Archive for the ‘Pricing’ Category

Price Quotes and How to Make Them Comparable

June 21, 2011

In the translation business different types of pricing have appeared among translators and across regions and countries. Why, I have no idea, to be honest. In other service professions, the hour is a common benchmark by which the services of different providers can be compared. In other, more tangible services, say a foot massage or a training course of some kind, the service itself is a unit with a certain price.

So far, so good. But what do we have in translation? There are prices per word, per line, per page, per character, percentages of known and unknown text sections, and some colleagues only give lump sum estimates for the texts they work with.

I think it’s not wise to keep the client in the dark about pricing. It leaves behind a feeling of uncertainty in the client, which in the end bounces back to the provider as a “no, sorry, we will accept the quote that gives us a clear idea about what we will have to pay in the end.”

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Offshoring Translations

January 19, 2011

Yes, of course, why not. But like with all products or services acquired from lower-middle-income countries, some aspects need to be considered:

  • Is the price the only criterion you base your decision on?
  • Are you familiar with the translation business?
  • What do you expect from the text?

Generally, you should never just pick the first provider in, say, India or China that comes along, even though there are plenty. But then again, this is true also for language service providers (LSP) in your home country.

So, the really decisive criteria apparently are the two others. (1) ‘Do you know your way around in the translation industry’ and (2) ‘What do you expect from the text’.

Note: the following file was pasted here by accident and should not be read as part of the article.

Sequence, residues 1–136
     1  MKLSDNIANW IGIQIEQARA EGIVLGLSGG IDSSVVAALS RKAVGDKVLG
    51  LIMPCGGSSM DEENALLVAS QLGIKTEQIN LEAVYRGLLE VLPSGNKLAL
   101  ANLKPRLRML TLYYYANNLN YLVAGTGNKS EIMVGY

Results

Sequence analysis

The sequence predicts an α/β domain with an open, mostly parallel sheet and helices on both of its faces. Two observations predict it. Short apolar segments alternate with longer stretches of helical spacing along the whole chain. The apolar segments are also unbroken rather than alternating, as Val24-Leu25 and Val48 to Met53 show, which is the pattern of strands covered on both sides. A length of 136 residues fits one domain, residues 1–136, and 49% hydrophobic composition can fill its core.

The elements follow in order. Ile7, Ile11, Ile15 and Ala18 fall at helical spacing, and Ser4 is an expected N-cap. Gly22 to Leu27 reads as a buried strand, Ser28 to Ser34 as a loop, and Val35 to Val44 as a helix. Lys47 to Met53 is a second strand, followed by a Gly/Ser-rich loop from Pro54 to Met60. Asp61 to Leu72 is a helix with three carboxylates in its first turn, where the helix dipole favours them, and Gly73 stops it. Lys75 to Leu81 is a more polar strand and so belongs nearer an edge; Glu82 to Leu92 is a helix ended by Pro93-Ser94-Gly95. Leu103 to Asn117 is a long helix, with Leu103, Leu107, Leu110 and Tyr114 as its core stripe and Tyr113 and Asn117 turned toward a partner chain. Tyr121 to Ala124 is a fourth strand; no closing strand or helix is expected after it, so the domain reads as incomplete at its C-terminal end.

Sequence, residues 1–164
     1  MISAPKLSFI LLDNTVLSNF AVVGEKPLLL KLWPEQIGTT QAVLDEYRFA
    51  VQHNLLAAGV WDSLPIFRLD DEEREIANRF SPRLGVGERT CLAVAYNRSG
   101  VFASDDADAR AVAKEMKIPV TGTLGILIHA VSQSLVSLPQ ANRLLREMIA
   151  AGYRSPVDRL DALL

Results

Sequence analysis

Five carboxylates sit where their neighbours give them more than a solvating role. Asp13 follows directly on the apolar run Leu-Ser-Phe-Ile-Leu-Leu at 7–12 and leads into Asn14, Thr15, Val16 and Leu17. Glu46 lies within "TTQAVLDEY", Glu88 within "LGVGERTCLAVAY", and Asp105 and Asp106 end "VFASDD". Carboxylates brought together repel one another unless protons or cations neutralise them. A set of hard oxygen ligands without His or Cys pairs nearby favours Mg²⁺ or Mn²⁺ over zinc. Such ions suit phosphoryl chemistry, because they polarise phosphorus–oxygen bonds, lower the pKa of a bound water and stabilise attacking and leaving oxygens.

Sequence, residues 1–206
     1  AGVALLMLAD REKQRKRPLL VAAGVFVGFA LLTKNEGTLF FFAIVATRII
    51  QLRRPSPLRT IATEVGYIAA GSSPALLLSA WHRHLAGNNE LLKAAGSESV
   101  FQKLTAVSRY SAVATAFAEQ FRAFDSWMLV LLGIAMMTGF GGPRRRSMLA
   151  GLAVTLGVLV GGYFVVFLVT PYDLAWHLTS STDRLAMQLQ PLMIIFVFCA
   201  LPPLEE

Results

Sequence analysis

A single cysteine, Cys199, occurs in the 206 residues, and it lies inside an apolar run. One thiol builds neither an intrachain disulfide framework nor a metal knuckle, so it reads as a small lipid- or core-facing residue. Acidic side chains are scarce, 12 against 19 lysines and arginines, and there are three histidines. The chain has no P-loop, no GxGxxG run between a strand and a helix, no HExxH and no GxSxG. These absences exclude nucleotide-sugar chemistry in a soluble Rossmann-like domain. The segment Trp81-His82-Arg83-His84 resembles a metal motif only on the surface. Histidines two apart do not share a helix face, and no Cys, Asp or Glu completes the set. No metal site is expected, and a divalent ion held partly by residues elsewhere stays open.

If this is the first text that you need to have translated, you should be very careful who you pick. Better ask around whether someone you know can recommend a good translator or agency. Chances are higher that you will get what you want.

Which brings us to the third criterion: This is probably the most important one. Do you just want to get rid of the task without putting too much emphasis on the result? Then go ahead. Not much can go wrong in this case.

On the other hand, if you want a high-quality result and a properly managed, smooth-running translation project, you might want to proceed as follows:

  1. Pick a translator (freelance or agency) who gives you the impression that s/he cares about you, your company, and your text.
  2. Check the translator’s credentials and experience in translation in general and in the text type and subject matter at hand.
  3. Provide as much background information as possible in terms of terminology, existing bilingual texts, details on the author and the target group, etc.

And, please, beware of translators whose only reply to your initial request is: “Yes, I can do it. How fast do you need it done?”

It is better to plan translations ahead and pick your translator with care. You get better results from true professionals, whether they live and work in your own country or somewhere else.

Think globally, act responsibly
Karoline

The Difference Between Pages

August 5, 2010

Texts are not equal. Some texts are more sophisticated than others. Even expertly written texts may take a lot of time to work through, depending on the mental effort involved in translating.

Therefore, a page is not a page.

Regardless of the actual amount of words written on a page, the translation may

  • Take longer
  • Cost more

For example, highly technical texts may contain lots of terms to investigate. They probably include descriptions of